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Agriculture

Iowa Farmer Invents 'Cluster Cluck 5000' To Bring Livestock Back To Crop Fields

092820-am-ZackSmith-pigs
Amy Mayer
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IPR
Farmer Zack Smith, who calls himself “The Stock Cropper,” pets one of the pigs in his mobile pen.

Zack Smith pats the snout of a pig that stretches up to greet him from inside the back pen of a mobile barn. On this field, Smith planted alternating sections of corn and pasture, to test an experiment he calls “stock cropping.”

“This is our answer for putting diversification and multiple species back on the land,” he says. “And we’re going to have a four-ring circus, was my idea, of animals parading through, grazing and laying their manure down.”

The pen in front of the barn houses the goats and sheep, which chomp through the tall sorghum-Sudan grass. They can shelter under a roof, which is angled to collect rainwater. The pigs also have access to the shelter, but they are separated from the small ruminants by the center of the unit, which offers the animals their supplemental feed and water.

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Amy Mayer
Zack Smith follows some of his goats and sheep out of the mobile barn and into the front pen, where the small ruminants will eat down the pasture.

“We call it the ClusterCluck 5000,” Smith says. He and his business partner, Sheldon Stevermer, who is a farmer and an engineer, designed and built the system. Solar panels, web cameras and autonomous movement are among the technologies they’ve deployed. And there’s more to come.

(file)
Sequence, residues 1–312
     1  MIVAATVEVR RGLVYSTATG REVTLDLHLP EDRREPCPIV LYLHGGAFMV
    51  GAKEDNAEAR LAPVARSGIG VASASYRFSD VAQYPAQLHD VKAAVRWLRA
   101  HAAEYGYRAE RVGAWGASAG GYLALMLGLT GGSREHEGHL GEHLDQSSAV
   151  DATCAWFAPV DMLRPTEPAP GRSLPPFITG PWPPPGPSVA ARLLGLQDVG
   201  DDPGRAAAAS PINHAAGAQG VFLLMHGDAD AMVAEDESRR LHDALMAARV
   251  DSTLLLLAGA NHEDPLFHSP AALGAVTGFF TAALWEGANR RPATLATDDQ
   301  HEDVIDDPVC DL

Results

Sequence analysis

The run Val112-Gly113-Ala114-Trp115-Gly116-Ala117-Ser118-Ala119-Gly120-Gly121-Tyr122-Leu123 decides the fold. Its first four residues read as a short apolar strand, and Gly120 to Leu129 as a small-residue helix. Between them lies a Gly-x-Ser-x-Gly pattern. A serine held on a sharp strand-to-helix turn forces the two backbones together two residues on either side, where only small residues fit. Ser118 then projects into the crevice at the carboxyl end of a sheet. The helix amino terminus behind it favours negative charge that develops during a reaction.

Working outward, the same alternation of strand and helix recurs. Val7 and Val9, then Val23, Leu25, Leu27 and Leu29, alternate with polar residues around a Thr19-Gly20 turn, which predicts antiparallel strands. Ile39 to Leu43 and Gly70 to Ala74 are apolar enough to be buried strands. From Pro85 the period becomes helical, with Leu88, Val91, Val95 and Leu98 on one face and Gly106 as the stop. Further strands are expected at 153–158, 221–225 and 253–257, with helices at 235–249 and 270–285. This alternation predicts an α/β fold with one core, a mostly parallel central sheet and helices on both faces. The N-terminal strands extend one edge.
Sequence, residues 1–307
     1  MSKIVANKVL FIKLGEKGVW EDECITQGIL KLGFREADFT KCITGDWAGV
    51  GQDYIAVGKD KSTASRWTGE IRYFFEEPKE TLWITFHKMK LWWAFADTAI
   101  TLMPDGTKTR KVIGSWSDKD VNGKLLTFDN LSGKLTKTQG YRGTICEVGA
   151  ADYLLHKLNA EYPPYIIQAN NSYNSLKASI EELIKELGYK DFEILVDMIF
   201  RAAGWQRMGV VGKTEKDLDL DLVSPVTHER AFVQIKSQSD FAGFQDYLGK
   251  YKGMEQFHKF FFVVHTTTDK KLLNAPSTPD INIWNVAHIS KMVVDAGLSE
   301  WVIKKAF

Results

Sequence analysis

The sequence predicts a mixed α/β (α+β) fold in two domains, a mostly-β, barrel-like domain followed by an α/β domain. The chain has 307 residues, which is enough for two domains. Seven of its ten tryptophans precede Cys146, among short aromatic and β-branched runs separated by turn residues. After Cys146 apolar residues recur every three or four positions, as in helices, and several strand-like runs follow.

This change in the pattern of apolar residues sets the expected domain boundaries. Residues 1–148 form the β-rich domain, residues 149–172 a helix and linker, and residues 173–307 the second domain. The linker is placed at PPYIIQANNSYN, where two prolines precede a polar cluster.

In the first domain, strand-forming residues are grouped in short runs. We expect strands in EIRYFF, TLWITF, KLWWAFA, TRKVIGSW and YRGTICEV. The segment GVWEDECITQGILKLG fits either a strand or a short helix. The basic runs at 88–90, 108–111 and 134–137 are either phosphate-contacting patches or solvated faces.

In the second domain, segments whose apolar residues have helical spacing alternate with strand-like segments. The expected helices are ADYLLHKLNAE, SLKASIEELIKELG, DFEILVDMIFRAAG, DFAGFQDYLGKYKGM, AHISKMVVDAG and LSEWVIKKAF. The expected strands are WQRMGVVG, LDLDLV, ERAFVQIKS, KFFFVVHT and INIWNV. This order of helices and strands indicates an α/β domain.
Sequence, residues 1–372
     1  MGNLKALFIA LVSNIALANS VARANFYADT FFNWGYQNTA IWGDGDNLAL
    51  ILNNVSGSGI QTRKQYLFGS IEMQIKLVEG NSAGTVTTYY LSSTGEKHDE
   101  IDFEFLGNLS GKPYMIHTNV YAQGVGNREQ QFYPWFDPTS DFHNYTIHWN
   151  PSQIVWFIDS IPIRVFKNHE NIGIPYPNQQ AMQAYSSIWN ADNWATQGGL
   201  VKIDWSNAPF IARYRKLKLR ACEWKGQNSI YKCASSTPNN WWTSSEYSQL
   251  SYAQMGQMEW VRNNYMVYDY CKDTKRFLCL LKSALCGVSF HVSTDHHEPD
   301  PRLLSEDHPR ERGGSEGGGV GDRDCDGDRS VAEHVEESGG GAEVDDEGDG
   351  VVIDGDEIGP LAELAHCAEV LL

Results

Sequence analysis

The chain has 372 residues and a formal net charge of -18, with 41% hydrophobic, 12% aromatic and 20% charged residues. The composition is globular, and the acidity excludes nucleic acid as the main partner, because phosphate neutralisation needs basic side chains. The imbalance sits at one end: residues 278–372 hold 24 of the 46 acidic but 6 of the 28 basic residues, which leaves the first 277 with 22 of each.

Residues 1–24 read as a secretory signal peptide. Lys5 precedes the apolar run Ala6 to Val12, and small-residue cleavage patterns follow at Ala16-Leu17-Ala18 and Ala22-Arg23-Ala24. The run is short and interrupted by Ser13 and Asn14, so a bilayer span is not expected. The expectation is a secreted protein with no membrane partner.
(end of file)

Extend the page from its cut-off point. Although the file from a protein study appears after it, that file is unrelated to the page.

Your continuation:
“You could have an app on your phone and say ‘move the barn’ and hit the button, and Siri would make the barn move ahead for you,” Smith says.

Stock cropping is Smith’s attempt to mix some of the best practices of the past, such as raising multiple kinds of livestock on the same land as crops are planted, with modern ideas that will slowly steer agriculture toward a more environmentally sustainable future.

“I’m part of the Big Ag machine,” he says. “It’s like anything. It’s the Titanic. It doesn’t just spin on a dime.”

Smith is a fifth-generation Iowa corn and soybean farmer, who also has seed and chemical input businesses. He says he’s aware of the privilege that lends him, such as the fact that his family owns the ground he’s experimenting on so he has more ability to take risks. But he also sees how much his part of rural north-central Iowa has changed since the 1950s.

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Amy Mayer
The sheep and goats are the lawn mowers of the stock cropping operation, says farmer Zack Smith.

“Within one mile of the stock cropper there were 16 farm families that made their full living off the land,” he says. “And there’s one left in 2020.”

His experiment has three goals: improve soil for better crops, direct-market meat to customers, and revitalize rural communities. His ambition goes far beyond his own operation. He and Stevermer filed patents on their Cluster Cluck technology and hope to eventually make the barns available and affordable for others.